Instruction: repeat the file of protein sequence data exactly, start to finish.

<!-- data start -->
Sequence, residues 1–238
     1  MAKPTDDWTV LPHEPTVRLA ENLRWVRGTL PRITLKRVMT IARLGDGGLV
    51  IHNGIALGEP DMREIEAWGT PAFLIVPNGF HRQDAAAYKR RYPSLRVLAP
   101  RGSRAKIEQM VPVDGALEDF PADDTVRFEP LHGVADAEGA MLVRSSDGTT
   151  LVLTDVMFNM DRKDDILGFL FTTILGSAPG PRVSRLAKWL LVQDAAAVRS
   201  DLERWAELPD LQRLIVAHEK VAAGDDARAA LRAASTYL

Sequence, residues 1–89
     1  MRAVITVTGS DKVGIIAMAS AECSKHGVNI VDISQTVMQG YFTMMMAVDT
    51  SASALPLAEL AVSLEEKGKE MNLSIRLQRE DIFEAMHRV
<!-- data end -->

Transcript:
Sequence, residues 1–238
     1  MAKPTDDWTV LPHEPTVRLA ENLRWVRGTL PRITLKRVMT IARLGDGGLV
    51  IHNGIALGEP DMREIEAWGT PAFLIVPNGF HRQDAAAYKR RYPSLRVLAP
   101  RGSRAKIEQM VPVDGALEDF PADDTVRFEP LHGVADAEGA MLVRSSDGTT
   151  LVLTDVMFNM DRKDDILGFL FTTILGSAPG PRVSRLAKWL LVQDAAAVRS
   201  DLERWAELPD LQRLIVAHEK VAAGDDARAA LRAASTYL

Sequence, residues 1–89
     1  MRAVITVTGS DKVGIIAMAS AECSKHGVNI VDISQTVMQG YFTMMMAVDT
    51  SASALPLAEL AVSLEEKGKE MNLSIRLQRE DIFEAMHRV